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Biden suspends border policy to stay in Mexico due to court order

Judgment upholding termination of "remain in Mexico" policy

On Monday, US border officials suspended a Trump-era rule that required certain immigrants to wait for an asylum hearing in Mexico. The moratorium follows a federal court order ending legal exchanges over efforts to end President Biden's policy.

In a statement, the Department of Homeland Security (DHS) said: It said it had halted the placement of immigrants under the Immigration Protection Protocol, a policy colloquially known as "Stay in Mexico." It also said it would process immigrants already enrolled in the program so they could continue to apply for asylum in the United States.

We are working to end it in a way,” the ministry added, urging asylum seekers to rely on official information from the government and not on smugglers.

Monday's announcement comes more than a year after the Biden administration first moved to end Mexico's Remain rule, possible by court order. Became. early hours on Monday.

In his one-page order issued Monday afternoon, U.S. District Court Judge Matthew Kaksmalik issued last year's ruling calling for the Biden administration to reinstate the Mexico Remaining Protocol, which had been initially suspended. discarded. President Biden's first day in office in January 2021.

Earlier in the day, Justice Department attorneys representing the Biden administrationcalled on Kaksmalik to vacate the August 2021 ruling on the grounds of the Supreme Court's ruling. asked. He called in June to reject legal claims by Republican officials in Texas and Missouri that Kaksmalik upheld in last year's order.

The Supreme Court ruled him on June 30th, but it did not make him legally binding until August 1st. The Circuit Court of Appeals ruled against the administration last year.

Monday's order is a legal victory for asylum seeker supporters who have called Remain Mexico policy inhumane and harsh, but has limited impact on current US border policy. is. Only a small percentage of immigrants are enrolled in the program.

Since the Migrant Protection Protocol was reinstated in December 2021, government data shows that 5,764 migrants have entered Mexico under the policy.During the same period, US border officials reported record levels of illegal immigration,according to DHS statistics more than 1.4 million immigrants processing.

Migrants in Eagle Pass, Texas USA
Immigrants entered Eagle Pass, Texas illegally from Mexico on July 26 to be processed by U.S. Border Patrol. After waiting at high temperature, it is transferred. , 2022. Allison Dinner/Anadolu Agency via Getty Images

The Trump administration launched her MPP policy in early 2019 and used it sent her 70,000 immigrants back to Mexico. One of them lived in a poor camp near the US border. Human rights activistshave documented reports of hundreds of attacks on immigrants forced to wait inMexico, including US authoritiesdetaining Americans for violent crimes and kidnappings. Also included areareas that have been warned against visiting.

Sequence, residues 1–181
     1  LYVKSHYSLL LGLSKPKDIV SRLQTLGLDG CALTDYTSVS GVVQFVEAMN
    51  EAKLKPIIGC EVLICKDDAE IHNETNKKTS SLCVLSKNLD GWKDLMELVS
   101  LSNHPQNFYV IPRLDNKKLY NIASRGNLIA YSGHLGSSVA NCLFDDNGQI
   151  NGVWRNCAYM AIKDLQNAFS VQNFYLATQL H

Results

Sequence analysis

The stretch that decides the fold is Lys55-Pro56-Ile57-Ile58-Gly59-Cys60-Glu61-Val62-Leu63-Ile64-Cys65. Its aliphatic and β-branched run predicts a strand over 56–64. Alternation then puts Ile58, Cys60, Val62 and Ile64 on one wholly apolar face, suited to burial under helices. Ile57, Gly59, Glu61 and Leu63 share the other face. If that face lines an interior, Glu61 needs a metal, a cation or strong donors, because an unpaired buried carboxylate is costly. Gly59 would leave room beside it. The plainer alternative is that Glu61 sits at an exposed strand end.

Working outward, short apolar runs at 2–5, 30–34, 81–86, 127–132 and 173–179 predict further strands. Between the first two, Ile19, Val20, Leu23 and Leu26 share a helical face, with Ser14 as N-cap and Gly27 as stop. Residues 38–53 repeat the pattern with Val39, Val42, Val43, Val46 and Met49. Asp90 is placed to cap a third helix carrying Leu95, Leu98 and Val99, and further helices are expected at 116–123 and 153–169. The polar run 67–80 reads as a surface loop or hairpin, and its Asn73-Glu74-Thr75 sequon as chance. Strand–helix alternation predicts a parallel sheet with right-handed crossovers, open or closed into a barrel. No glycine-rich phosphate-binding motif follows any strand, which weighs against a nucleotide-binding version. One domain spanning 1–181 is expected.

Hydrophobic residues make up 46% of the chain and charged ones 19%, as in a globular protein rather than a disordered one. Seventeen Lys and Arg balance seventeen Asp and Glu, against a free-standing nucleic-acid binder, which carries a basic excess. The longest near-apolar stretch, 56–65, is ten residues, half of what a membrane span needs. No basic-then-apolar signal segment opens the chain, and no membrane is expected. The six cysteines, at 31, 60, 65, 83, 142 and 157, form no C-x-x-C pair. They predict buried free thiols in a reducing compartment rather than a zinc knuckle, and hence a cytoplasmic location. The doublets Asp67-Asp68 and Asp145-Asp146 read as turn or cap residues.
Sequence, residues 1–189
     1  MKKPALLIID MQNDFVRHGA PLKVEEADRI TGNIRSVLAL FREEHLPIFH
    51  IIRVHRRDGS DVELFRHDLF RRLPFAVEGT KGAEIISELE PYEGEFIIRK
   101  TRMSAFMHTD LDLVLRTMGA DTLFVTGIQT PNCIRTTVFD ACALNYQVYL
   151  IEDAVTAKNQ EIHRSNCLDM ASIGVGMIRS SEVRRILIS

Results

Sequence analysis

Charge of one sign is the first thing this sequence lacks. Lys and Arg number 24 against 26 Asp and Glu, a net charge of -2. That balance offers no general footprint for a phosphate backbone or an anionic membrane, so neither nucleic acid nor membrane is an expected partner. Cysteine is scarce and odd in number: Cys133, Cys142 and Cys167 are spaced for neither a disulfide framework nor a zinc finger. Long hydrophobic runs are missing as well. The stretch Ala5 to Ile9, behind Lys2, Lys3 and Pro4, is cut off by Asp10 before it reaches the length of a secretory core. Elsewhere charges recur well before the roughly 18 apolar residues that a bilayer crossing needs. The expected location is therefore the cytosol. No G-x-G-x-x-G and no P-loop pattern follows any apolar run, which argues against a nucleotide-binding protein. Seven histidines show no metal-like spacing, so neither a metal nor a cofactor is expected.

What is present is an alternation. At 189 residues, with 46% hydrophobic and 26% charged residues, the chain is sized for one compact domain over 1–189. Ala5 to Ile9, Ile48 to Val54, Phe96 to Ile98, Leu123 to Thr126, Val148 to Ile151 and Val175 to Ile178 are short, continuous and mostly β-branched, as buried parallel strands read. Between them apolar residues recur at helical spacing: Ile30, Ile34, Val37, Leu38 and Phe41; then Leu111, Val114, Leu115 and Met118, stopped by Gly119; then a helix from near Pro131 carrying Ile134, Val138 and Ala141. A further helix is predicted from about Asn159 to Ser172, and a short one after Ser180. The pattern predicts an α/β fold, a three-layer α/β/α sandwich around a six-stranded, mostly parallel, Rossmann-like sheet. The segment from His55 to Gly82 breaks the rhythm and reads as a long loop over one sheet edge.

The Trump administration said the MPP discouraged immigrants from using the asylum system to stay and work in the United States and seek better economic opportunities. Office, DHS ceased placing immigrants in programs. formally ended the policy. But Republican Attorneys General of Texas and Missouri filed suit, and Kacsmaryk ruled that the administration improperly terminated the protocol.

Former Trump appointee Kaksmalik urges Biden administration to properly end Mexico Remaining Protocol and establish enough detention facilities for government to hold all eligible immigrants He demanded that it be done "in good faith". to the Detention Act of 1996.

In response,Mayorkas issued a more comprehensive memo in October to end the MPP policy once again. However, Kacsmaryk's judgment was later upheld by the Fifth Circuit, which refused to consider Mayorkas' second dismissal memo. did.

Legislative setbacks forced the Biden administration to remain in Mexico in his December, but overhauled the programand officials said immigration asked if they feared persecution in Mexico. Before sending them on, provide coronavirus vaccines to registrants and exempt certain groups from the policy, including asylum seekers with severe medical conditions, the elderly, and members of the LGBT community.

Kacsmaryk's now-deceased ruling forces the Biden administration to shut down a program that allowed 13,000 asylum seekers previously registered with Remain-in-Mexico to enter the United States, allowing them to continue litigating domestically made it possible.

Camilo Montoya Galvez
Camilo Montoya-Galvez

Camilo Montoya Galvez is an immigration reporter for CBS News. Based in Washington, he covers immigration policy and politics.

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